The human eye is truly an amazing organ. It’s important to get rid of any unhealthy habits that have been affecting your eyes because, aside from the brain, your eyes may be the most complex part of the human body. Similar to the brain, your eyes require adequate care to function optimally.
– 80 percent of our memories are determined by what we see.
– 80 percent of vision problems worldwide are avoidable or even curable.
– 80 percent of what we learn is through your eyes.
– Discovery Eye Foundation: ’20 Facts About the Amazing Eye’
Read (or re-read) some of the statistics derived from the Discovery Eye Foundation preceding this introduction. Eight-tenths of our memories and knowledge is acquired through sight…impressive, but sort of predictable.
But what about the second statistic? 80 percent of all vision-related problems can be cured or prevented…80 percent!
While it’s impossible to quantify how much of that 80 percent can be attributed to poor “eye hygiene” habits, it’s likely to be quite high. The reason for this is two-fold: (1) a person’s eyes are often secondary relative to other health concerns, and (2) many of us are uneducated about proper hygiene.
So, we’re here to help!
In addition to discussing 8 habits unhealthy eye habits, we’re going to provide some tidbits on how to keep our two peepers healthy.
Let’s get to it!
First, here are 8 unhealthy eye habits:
1. Keeping contacts in too long
Eyecare professionals state that loss of vision and/or scarring of the eye(s) can occur if contacts are improperly used. One of the most common misuses of contacts is keeping them in for too long.
Contacts are placed atop of the cornea, which restricts the amount of oxygen exposure and may cause damage. Also, contacts will naturally become enveloped in a film-like substance if not cleaned regularly.
Advice: Strictly adhere to the instructions given by the contact manufacturer or optometrist.
2. Reading or writing with low light
For those of us who love to read, it can be a great way to relax and unwind in the evening. However, reading in a poorly lit environment causes strain. Although there is little scientific evidence to suggest this causes damage, it is an easily-reversible habit to safeguard our vision health.
Advice: Shine a light directly on the page, as opposed to over the shoulder.
3. Not seeing the Optometrist
“Prevention is the best cure” definitely applies to vision care (remember: 80%). An annual trip to the OD is the best rule of thumb. If you suspect something (anything!) could be wrong with your vision, a trip to the optometrist should be in short order.
Advice: Be sure to have your eyes checked once a year. (If it helps, have someone call from the doc’s office to remind you.)
More specifically: rubbing your eyes when they are itchy. A couple of reasons why this habit is bad: (1) hands/fingers contain a boatload of germs, and (2) frequent rubbing can actually damage the surface.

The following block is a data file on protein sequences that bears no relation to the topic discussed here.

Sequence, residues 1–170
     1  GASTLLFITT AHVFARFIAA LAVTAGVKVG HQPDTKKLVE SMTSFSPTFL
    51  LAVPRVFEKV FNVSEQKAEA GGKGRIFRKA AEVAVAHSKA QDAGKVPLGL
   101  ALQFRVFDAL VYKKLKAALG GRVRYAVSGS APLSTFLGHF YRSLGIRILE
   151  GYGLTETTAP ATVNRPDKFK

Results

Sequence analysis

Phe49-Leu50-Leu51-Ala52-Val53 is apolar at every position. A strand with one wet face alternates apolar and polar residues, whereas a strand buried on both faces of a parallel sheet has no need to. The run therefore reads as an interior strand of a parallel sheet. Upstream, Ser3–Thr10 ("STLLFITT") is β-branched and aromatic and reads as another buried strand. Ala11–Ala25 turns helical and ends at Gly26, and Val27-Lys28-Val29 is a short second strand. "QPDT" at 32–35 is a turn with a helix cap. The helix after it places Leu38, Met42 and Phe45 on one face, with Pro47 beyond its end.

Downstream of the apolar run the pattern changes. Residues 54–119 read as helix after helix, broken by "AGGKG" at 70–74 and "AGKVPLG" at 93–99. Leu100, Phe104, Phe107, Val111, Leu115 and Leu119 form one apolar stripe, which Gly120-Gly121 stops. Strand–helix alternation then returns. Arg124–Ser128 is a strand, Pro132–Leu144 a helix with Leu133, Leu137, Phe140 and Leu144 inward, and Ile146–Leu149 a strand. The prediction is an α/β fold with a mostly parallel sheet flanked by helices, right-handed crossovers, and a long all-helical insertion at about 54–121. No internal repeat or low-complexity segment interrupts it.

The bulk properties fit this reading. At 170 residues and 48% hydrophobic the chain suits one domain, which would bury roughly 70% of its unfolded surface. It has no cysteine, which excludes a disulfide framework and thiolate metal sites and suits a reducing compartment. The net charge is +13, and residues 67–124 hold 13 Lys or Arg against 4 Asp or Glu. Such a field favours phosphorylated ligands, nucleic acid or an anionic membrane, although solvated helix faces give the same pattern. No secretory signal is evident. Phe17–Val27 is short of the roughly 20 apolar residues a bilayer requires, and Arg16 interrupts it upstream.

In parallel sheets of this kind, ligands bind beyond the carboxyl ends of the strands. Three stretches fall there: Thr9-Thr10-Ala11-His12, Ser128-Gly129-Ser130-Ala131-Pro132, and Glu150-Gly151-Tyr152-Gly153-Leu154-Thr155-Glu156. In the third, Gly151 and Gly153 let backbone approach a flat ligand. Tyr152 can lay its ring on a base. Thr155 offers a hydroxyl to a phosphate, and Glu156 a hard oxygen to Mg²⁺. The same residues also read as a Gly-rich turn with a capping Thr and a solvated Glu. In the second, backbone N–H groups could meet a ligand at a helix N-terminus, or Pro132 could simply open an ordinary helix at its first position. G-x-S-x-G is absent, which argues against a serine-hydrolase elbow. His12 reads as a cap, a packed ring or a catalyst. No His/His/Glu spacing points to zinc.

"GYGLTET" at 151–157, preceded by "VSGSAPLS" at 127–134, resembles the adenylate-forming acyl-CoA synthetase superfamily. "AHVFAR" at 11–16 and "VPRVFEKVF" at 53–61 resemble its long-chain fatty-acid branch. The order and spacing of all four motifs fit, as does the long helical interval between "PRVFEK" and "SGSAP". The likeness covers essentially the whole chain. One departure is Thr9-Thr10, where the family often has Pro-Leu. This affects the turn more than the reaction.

Advice: Use a cold compress and place them over the eyes for a few minutes. (Do not use a hot compress, and this can stimulate histamine discharge and make the irritation worse).
5. Not wearing sunglasses/other protective gear)
Not everyone wears shades to look cool (ok, a lot of people do). However, sunglasses – or other protective gear – protect the corneas from surface burn. Consistent exposure to the sun’s UVA and UVB rays can manifest into cataracts – the number one reason for vision loss.
Advice: Buy some sunglasses with good surface protection.
6. Wearing cheap or expired makeup
The money you save at the cash register for budget eye makeup is definitely not worth it. Many low-cost makeup (e.g. mascara) products contain ingredients designed to enhance aesthetic effect, but can actually damage your vision or eyelashes. Wear expired makeup (looking at you, mascara) can spread bacteria and pose a threat to your vision health.
Advice: Look at the ingredients in any product you buy; note the expiration date, and consider buying makeup products from reputable companies.
7. Swimming without goggles
…or swimming with your eyes open. Both can adversely affect vision health due to pool chemicals (e.g. chlorine). Irritation, clouded vision, and even temporary blindness can occur without wearing goggles.
Advice: Wear tight-fitting swimming goggles or keep eyes closed tightly underwater.
8. Smoking (of course…)
As with pretty much every other ailment known to man, smoking can also be a catalyst for problems. The chemicals within cigarette smoke damages tissue and increases the risk of macular degeneration (and can lead to vision loss). Smoking around others also increases their risk of this disease as well.
Advice: Consider quitting (or reducing) smoking frequency. At the very least, don’t smoke around other people.